What they need to do now ? Just to look back at the past decades, see what went wrong, and stop doing the same mistakes all over again.

It would be very interesting if you tried. Globalization and the fear that businesses and capital just move if you irritate the corporate interests play an important part, but its more complex than that.

I agree the phenomenon is going on all over the Western world.
The "inevitability" dynamic is strange. In Denmark we have a SD and a Democratic Socialist party (SPP) normally pushing them from the left. Now both parties are in government allied with a Liberal party and follw an austerity course without much (open) criticism from the supposedly left wing SPP.
« Last Edit: June 10, 2012, 04:25:52 am by 中国共产党=criminals »Logged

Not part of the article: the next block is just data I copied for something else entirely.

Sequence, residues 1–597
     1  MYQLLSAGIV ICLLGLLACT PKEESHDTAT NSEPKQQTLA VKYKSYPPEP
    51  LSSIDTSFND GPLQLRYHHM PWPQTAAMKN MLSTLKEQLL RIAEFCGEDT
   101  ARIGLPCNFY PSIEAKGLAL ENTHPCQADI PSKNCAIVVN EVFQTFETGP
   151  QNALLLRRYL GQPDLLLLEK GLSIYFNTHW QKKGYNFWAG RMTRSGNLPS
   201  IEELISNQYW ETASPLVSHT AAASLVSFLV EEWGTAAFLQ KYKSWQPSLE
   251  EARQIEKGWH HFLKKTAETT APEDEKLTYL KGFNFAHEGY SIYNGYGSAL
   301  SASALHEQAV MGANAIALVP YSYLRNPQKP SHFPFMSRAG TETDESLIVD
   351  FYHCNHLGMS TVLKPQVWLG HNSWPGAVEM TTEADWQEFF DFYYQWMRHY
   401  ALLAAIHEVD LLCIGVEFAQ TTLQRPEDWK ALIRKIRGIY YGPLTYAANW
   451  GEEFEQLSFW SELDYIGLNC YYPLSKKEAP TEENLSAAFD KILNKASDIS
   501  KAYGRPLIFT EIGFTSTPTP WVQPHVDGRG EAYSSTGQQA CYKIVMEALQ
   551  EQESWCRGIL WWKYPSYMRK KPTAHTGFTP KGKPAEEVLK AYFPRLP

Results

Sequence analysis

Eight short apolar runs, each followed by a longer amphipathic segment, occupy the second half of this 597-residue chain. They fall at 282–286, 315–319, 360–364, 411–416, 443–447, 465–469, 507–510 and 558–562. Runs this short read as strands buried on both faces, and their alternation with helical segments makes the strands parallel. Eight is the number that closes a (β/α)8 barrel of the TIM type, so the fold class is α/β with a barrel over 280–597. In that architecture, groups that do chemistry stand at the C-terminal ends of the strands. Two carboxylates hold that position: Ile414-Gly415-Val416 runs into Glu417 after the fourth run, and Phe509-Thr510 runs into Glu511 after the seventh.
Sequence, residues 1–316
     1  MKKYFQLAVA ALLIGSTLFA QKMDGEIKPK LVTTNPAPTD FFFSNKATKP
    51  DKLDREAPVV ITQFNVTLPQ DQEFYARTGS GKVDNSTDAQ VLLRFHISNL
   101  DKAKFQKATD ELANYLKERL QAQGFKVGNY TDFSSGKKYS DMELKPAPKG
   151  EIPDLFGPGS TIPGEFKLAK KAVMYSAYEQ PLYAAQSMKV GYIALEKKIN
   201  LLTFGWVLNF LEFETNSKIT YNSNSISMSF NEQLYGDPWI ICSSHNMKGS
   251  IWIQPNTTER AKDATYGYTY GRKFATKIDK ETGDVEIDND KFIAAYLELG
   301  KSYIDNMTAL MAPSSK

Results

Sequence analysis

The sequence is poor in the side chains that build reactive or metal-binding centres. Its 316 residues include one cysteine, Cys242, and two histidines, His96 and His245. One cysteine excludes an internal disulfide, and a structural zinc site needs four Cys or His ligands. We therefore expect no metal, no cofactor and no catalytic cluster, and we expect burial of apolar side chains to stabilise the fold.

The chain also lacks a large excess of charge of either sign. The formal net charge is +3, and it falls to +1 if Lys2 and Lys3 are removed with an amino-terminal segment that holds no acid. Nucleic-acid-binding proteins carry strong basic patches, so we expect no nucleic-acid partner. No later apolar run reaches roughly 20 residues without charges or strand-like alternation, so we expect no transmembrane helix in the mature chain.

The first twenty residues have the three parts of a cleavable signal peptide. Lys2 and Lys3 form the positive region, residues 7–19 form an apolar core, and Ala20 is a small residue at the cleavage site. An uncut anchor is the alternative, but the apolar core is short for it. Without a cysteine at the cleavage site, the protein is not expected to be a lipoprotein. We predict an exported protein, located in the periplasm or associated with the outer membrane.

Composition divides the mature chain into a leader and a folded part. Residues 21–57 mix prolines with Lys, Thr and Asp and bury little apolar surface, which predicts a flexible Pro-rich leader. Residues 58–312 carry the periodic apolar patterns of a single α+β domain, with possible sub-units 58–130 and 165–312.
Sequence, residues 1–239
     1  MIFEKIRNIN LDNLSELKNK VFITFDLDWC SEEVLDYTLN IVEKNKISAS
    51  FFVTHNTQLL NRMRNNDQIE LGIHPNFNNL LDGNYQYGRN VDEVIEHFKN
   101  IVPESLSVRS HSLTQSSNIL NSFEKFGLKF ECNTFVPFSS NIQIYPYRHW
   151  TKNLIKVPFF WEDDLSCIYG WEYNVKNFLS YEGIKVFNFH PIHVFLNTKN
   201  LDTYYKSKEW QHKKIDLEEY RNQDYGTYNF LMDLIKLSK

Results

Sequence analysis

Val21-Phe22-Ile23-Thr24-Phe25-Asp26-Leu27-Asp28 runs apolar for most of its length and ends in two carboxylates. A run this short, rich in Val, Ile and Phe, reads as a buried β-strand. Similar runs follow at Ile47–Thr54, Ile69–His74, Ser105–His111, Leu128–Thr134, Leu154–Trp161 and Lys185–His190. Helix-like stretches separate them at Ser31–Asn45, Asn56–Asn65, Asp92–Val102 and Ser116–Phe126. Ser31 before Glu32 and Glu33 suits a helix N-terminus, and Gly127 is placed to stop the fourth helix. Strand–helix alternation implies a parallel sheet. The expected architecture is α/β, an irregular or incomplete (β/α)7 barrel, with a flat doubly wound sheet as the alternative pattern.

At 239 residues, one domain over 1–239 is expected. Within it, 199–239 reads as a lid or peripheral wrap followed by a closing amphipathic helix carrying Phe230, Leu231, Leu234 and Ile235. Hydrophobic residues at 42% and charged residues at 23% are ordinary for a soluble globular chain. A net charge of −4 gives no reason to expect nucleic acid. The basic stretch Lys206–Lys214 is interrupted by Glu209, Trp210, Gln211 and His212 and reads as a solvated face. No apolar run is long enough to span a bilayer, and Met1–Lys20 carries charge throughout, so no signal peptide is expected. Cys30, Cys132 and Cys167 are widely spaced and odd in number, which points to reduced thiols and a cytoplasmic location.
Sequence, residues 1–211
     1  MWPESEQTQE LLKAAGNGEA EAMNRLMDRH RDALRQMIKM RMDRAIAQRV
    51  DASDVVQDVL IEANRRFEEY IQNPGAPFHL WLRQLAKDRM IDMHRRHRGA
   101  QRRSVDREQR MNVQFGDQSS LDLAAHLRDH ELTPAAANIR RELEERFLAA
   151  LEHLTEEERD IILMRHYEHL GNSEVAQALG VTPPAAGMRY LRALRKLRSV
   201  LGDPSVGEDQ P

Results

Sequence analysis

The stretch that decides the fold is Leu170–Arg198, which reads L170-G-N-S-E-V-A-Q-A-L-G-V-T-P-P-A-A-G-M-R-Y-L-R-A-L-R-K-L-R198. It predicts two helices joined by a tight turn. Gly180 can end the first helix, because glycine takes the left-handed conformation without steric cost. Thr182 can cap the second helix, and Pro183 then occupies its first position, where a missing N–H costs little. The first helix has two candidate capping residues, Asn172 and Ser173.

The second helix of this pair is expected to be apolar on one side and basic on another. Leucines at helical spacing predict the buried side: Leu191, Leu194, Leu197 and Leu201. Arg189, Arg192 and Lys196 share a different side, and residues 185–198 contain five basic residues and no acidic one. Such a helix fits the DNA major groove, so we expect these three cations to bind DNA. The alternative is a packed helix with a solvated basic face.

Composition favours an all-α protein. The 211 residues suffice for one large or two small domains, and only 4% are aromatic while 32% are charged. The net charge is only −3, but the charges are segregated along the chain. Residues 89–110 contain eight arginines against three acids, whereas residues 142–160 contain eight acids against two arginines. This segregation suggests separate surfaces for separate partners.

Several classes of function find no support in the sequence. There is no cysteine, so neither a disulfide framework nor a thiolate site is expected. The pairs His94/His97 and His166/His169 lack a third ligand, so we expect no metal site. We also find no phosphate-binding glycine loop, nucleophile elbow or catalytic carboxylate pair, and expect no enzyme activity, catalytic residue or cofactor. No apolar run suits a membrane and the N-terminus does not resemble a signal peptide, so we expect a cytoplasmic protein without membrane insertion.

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« Reply #9 on: June 10, 2012, 03:47:45 am »
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Germany SPD: An even bigger change than Labour would need.  The SPD must reconnect with its true social democratic values, and commit to reversing the Agenda 2010 laws, and raising the taxes on the wealthy to the 53% rate that existed before Schroder cut them, possibly even higher.  And this is impossible with the SPD as it currently is.  So, most of the Seeheimer Kreis and Netwerk Berlin factions will have to leave and start a new, centrist party that could become the CDU's new natural coalition partner.  Then, the faction of die Linke that came from the SPD could rejoin it.  Everyone wins!  Except die Linke, but they've been on the verge of splitting for a while.  But overall, all of this is about as likely to happen as Texas is to legalize gay marriage.
Far less so. The Seeheimer Kreis would serve no purpose whatsoever if they weren't in the SPD.
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I may conceivably reconsider.

Knowing me it's more likely than not.
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« Reply #10 on: June 10, 2012, 04:02:53 am »